The video is also notable for two things, Stephen Watson with hair, and Stephen Watson giving a shit about football.

Whatever happened to Joey Cunningham?

No Irish League Youtube compilation would be complete without this. No words are needed.

As classic Boxing Days go, 1995 takes some beating. Snow, White Ball, the stuff of legend.

The next league fixture between the two took place at Windsor Park in February. I remember this game as it was a few days after my 13th birthday, on which Take That had split up.

Linfield won the match 2-0 with two goals from Paul Millar.

Ten years exactly to the day, Paul Millar would be taking charge of his first game as Glentoran manager, and Take That would be three months into their reformation. It’s a funny old life.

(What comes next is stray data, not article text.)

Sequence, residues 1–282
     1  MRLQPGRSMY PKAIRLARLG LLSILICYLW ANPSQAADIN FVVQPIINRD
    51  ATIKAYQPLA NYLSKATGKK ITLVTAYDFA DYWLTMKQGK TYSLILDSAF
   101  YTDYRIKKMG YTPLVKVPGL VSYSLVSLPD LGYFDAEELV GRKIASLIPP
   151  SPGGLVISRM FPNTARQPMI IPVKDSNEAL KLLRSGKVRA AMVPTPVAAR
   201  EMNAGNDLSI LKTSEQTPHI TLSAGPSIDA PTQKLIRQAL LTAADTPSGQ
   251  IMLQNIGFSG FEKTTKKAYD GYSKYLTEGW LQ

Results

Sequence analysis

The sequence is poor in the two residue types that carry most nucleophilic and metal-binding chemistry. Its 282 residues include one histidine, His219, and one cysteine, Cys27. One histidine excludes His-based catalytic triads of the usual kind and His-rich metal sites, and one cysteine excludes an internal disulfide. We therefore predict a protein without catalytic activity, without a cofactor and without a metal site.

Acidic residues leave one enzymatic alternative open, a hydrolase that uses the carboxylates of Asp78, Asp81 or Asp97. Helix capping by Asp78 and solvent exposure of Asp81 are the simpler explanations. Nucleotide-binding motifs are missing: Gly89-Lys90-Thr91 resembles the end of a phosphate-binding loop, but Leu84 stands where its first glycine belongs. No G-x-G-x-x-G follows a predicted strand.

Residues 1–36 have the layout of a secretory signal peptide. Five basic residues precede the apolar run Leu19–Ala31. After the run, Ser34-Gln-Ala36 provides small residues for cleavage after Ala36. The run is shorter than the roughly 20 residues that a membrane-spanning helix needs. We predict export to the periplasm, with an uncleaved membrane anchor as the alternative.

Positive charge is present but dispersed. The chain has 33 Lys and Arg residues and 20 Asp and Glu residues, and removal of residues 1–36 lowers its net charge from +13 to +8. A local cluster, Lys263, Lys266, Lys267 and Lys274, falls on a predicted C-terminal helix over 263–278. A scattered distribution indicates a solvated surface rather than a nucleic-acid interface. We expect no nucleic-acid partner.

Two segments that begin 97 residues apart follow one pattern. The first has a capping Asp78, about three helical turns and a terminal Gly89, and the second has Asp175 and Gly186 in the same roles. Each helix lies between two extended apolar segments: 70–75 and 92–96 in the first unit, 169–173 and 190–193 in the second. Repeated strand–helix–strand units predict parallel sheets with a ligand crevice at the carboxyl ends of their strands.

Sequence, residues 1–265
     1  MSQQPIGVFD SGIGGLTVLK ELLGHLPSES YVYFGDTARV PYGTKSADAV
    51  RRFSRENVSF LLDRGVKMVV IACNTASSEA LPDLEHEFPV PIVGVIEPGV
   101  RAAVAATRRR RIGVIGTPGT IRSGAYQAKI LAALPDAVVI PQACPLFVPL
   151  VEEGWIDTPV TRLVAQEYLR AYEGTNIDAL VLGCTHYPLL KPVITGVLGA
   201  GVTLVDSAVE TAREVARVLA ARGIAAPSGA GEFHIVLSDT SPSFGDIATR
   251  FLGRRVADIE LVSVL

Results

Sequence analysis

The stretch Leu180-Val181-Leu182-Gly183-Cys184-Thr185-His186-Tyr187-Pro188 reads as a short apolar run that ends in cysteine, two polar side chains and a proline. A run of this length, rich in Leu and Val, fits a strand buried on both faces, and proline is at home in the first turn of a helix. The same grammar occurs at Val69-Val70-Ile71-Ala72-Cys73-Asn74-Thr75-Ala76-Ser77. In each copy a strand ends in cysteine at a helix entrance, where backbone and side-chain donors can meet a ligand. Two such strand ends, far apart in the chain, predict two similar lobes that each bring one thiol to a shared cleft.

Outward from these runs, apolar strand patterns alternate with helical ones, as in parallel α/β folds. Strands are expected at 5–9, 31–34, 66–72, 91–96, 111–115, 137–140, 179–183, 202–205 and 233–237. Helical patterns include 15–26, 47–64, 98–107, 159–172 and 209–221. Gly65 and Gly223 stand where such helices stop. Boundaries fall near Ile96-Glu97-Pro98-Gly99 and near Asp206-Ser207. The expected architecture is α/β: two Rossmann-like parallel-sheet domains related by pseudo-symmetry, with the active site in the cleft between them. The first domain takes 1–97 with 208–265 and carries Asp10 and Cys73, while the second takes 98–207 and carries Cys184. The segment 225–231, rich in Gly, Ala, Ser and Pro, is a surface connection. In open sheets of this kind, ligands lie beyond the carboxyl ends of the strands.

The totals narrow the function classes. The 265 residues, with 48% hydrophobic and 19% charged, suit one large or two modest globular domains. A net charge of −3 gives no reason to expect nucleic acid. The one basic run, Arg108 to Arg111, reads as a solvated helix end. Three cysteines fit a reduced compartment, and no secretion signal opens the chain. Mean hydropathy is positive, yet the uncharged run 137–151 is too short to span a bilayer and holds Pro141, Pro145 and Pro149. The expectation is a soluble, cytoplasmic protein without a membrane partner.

One more video, a reminder of how depressing European Football has become for Irish League Clubs in recent years.

Nowadays, the likes of Dynamo Borat, Bjorksportacus and BK Morten Harket visit our shores during July, but there was once a time, when big-name and exotic opposition used to come and play our teams.

Well, Tottenham Hotspur, but it’s all relative (Talking of which, it was a game against Coleraine, in the European Cup Winners Cup)

See Also

Coleraine Specific Account

Linfield Sepcific Account 1

Linfield Specific Account 2

1997 Irish Cup Final

Glenavon v Ballymena Unied, 1992 Irish Cup Semi-Final

There’s a fucking pig on the pitch

Northern Ireland, Road to Mexico 1986 (Four parter)

England v Northern Ireland 1985

(PS: If there are any videos i’ve missed, or if you want to suggest a ‘theme’ for Yoochoob, comment on this, or via Twitter – see right hand side of homepage)